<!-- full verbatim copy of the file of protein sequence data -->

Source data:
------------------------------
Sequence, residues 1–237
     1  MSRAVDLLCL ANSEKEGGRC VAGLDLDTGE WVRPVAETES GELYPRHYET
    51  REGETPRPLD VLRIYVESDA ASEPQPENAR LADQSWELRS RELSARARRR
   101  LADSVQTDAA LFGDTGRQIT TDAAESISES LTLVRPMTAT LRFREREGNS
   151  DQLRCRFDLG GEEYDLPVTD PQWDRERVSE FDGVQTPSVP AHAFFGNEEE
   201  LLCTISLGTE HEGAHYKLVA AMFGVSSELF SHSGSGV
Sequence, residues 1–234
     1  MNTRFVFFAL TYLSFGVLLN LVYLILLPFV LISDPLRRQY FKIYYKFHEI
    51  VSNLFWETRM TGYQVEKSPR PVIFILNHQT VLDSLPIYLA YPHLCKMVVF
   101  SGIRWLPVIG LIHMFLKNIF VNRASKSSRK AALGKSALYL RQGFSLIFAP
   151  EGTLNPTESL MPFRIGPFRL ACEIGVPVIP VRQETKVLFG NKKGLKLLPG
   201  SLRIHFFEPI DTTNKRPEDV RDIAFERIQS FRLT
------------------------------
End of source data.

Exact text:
Sequence, residues 1–237
     1  MSRAVDLLCL ANSEKEGGRC VAGLDLDTGE WVRPVAETES GELYPRHYET
    51  REGETPRPLD VLRIYVESDA ASEPQPENAR LADQSWELRS RELSARARRR
   101  LADSVQTDAA LFGDTGRQIT TDAAESISES LTLVRPMTAT LRFREREGNS
   151  DQLRCRFDLG GEEYDLPVTD PQWDRERVSE FDGVQTPSVP AHAFFGNEEE
   201  LLCTISLGTE HEGAHYKLVA AMFGVSSELF SHSGSGV
Sequence, residues 1–234
     1  MNTRFVFFAL TYLSFGVLLN LVYLILLPFV LISDPLRRQY FKIYYKFHEI
    51  VSNLFWETRM TGYQVEKSPR PVIFILNHQT VLDSLPIYLA YPHLCKMVVF
   101  SGIRWLPVIG LIHMFLKNIF VNRASKSSRK AALGKSALYL RQGFSLIFAP
   151  EGTLNPTESL MPFRIGPFRL ACEIGVPVIP VRQETKVLFG NKKGLKLLPG
   201  SLRIHFFEPI DTTNKRPEDV RDIAFERIQS FRLT